(Reuters) - Five Volkswagen workers are trying to challenge an objection filed by the United Auto Workers with the federal government following the UAW’s defeat in a unionization vote at the Chattanooga, Tennessee, VW plant, an anti-union group said Tuesday.
The five workers at the Chattanooga plant have filed to be allowed to intervene against the objection filed with the National Labor Relations Board, the National Right to Work Foundation said.
The UAW on Friday filed the objection to the result of the February 12-14 election, in which VW’s Chattanooga workers rejected the union by a 712-to-626 vote. The UAW claimed that outside interference led by politicians such as Republican U.S. Senator Bob Corker improperly influenced worker-voters.
The five workers said that VW and the UAW colluded to support the union and that if they are not heard, the company and the union will not present a defense of the vote’s result, according to a copy of the petition to the NLRB’s regional office in Atlanta that was provided by the National Right to Work Foundation.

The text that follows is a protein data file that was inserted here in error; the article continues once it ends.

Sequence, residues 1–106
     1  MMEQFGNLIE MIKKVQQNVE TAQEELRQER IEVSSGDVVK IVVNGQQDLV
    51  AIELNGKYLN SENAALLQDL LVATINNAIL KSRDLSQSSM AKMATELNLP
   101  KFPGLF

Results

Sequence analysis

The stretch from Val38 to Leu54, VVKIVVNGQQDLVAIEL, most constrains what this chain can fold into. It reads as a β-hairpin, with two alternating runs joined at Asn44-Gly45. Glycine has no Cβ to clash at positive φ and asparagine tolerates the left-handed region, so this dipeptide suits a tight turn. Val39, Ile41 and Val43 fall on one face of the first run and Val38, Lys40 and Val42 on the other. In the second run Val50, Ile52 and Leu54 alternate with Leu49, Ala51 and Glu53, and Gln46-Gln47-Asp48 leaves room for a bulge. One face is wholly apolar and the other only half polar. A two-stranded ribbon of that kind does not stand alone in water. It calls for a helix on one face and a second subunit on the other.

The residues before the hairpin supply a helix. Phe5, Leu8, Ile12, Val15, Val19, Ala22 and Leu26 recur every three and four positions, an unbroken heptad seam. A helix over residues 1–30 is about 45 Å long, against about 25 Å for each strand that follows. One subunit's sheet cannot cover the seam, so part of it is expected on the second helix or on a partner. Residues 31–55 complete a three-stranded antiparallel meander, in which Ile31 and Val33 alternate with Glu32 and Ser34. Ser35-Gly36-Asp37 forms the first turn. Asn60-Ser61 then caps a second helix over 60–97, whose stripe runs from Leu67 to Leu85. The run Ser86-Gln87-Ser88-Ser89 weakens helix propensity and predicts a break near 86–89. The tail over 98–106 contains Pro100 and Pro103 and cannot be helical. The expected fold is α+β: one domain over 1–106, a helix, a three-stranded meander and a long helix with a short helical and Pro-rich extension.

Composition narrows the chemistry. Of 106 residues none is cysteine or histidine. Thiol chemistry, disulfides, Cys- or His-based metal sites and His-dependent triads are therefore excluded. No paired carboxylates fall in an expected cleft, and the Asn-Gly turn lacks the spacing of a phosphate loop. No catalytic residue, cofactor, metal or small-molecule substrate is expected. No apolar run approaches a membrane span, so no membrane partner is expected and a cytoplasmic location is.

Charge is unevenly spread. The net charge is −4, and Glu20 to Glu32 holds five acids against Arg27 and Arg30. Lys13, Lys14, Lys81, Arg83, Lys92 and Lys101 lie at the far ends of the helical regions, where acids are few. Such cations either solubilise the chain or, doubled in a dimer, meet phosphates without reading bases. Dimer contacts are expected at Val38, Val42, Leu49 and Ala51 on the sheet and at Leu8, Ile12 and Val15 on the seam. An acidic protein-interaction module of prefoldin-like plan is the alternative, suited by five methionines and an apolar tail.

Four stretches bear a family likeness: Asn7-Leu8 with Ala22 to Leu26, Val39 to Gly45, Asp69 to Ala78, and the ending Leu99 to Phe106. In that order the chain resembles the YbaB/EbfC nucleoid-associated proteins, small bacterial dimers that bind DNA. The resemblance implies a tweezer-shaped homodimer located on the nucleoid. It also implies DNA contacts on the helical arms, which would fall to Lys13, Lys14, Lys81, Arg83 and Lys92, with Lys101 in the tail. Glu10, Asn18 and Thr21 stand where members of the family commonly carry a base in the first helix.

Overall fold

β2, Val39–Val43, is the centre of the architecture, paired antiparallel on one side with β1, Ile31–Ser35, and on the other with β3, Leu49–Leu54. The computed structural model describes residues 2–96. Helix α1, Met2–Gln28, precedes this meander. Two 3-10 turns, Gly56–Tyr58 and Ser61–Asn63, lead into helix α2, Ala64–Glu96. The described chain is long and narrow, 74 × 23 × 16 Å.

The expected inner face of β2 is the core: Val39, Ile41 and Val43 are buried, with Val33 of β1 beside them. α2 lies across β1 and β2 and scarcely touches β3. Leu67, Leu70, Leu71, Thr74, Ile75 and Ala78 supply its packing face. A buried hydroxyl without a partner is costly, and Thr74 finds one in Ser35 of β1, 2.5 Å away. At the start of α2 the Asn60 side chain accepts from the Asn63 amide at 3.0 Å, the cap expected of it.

“The employee-intervenors must be permitted to intervene because their employer and the UAW are colluding to force unionization onto them and their co-workers,” said the petition to the NLRB.
The five workers include Mike Burton, who is the most vocal member of an anti-UAW Chattanooga worker group called Southern Momentum.
Reporting by Bernie Woodall; Editing by Jonathan Oatis